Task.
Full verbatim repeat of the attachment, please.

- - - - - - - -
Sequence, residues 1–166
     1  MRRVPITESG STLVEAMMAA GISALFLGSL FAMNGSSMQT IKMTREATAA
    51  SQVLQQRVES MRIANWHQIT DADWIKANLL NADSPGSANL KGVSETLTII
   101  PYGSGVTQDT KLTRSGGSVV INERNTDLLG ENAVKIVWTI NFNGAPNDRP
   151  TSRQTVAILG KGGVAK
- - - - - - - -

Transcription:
Sequence, residues 1–166
     1  MRRVPITESG STLVEAMMAA GISALFLGSL FAMNGSSMQT IKMTREATAA
    51  SQVLQQRVES MRIANWHQIT DADWIKANLL NADSPGSANL KGVSETLTII
   101  PYGSGVTQDT KLTRSGGSVV INERNTDLLG ENAVKIVWTI NFNGAPNDRP
   151  TSRQTVAILG KGGVAK